Ann Widdecombe, former politician and long-time SPANA ambassador has been around the globe in recent years, highlighting the troubles faced by some of the world’s 200 million working animals.

Image courtesy of Spana

Image courtesy of Spana

Working  with SPANA in countries such as Mauritania and Egypt she has witnessed first-hand the horrific conditions these donkeys, horses and other working animals face on a daily basis.

SPANA (the Society for the Protection of Animals Abroad) operates veterinary centres and mobile clinics in places such as the capital of Mauritania, Nouakchott. Incredibly, despite its population of over one million people, the city has no water distribution system.

Instead, Nouakchott’s residents rely on 70,000 working donkeys, which have to collect and deliver water from a limited number of water points. Generally, they’ll transport up to 400 litres of water at a time to and from the city throughout the entire day. Essentially, day-to-day life in the capital depends on this vast workforce of animals.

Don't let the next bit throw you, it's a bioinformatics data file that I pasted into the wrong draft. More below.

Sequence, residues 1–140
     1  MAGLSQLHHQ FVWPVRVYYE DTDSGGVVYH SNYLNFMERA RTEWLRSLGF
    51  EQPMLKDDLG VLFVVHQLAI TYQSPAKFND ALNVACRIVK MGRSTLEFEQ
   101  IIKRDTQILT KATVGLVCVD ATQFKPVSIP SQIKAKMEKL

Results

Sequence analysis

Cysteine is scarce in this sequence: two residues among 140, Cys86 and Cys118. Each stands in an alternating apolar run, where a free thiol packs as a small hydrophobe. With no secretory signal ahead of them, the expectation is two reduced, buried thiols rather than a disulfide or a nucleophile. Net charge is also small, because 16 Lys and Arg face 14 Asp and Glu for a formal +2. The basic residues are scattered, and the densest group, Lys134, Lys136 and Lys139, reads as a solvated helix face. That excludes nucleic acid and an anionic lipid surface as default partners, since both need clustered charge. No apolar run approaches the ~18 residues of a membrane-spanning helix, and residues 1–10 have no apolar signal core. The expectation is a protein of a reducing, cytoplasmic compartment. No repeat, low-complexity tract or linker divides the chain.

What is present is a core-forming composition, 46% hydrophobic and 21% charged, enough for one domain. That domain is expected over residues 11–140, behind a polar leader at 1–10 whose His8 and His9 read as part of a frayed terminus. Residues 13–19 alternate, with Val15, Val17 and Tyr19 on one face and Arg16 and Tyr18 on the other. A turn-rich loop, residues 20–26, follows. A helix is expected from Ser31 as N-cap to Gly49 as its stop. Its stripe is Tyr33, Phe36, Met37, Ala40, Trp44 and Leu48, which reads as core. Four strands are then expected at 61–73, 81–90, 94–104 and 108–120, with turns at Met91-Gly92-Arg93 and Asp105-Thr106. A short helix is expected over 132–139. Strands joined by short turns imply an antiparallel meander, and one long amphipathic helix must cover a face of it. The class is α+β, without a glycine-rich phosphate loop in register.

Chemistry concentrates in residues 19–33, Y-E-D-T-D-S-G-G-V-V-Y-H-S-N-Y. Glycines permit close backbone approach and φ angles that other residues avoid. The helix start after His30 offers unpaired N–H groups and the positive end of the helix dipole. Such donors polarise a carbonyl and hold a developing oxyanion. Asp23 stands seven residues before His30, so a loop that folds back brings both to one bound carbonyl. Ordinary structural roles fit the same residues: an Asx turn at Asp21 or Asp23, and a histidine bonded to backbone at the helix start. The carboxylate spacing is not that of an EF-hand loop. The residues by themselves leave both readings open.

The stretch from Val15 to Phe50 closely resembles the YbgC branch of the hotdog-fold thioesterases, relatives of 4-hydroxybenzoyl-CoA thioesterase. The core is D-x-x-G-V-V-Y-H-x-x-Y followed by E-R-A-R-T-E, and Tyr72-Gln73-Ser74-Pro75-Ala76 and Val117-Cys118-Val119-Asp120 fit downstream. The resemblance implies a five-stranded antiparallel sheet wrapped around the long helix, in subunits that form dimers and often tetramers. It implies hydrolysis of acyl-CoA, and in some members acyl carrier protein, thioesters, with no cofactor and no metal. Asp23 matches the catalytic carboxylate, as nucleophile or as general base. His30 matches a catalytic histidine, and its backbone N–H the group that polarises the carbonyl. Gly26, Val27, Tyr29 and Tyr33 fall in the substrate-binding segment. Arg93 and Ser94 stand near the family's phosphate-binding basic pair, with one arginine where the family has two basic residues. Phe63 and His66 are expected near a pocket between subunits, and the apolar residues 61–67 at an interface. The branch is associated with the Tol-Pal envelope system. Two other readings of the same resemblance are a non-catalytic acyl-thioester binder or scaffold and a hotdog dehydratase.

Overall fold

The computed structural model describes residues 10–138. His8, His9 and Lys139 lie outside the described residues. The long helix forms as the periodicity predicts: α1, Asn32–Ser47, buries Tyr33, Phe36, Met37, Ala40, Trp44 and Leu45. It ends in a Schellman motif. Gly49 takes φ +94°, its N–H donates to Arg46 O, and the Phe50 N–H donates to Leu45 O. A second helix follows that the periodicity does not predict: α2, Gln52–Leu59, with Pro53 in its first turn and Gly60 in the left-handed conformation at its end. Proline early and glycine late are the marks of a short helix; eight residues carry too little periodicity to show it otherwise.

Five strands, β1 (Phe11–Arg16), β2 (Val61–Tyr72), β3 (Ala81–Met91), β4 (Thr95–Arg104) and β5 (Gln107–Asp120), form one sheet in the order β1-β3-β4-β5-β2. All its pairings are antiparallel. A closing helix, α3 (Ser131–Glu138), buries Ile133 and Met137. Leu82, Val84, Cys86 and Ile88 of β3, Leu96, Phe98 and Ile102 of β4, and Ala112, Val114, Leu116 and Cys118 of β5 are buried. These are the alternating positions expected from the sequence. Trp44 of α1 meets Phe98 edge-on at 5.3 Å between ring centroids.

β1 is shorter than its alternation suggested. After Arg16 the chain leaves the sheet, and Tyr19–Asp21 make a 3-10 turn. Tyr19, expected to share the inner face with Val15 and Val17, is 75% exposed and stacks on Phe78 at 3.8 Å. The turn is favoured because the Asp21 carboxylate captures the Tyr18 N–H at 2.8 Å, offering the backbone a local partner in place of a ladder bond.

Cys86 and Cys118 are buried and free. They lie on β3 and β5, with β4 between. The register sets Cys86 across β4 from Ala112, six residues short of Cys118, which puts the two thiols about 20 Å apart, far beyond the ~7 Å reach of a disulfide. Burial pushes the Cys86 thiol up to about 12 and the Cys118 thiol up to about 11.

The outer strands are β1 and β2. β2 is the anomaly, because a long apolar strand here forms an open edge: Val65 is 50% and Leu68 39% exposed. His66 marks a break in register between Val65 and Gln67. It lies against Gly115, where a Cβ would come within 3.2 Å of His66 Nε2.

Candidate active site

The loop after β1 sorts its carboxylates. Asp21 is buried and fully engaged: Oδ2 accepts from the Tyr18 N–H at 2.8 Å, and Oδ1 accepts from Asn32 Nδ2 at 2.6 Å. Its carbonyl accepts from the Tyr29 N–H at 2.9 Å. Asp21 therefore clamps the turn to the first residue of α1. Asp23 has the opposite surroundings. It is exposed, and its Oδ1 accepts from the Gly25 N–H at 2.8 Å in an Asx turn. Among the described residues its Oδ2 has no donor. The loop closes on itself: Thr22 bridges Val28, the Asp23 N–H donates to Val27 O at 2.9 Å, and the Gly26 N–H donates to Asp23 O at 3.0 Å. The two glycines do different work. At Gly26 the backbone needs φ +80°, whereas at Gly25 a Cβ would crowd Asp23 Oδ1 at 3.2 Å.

Watch our video where Ann, former politician and charity ambassador discusses her work with SPANA, the vital role of working animals in providing water to the world’s poorest communities ahead of World Water Day, and what we can do to ease the hardship of hundreds of millions of working animals across the globe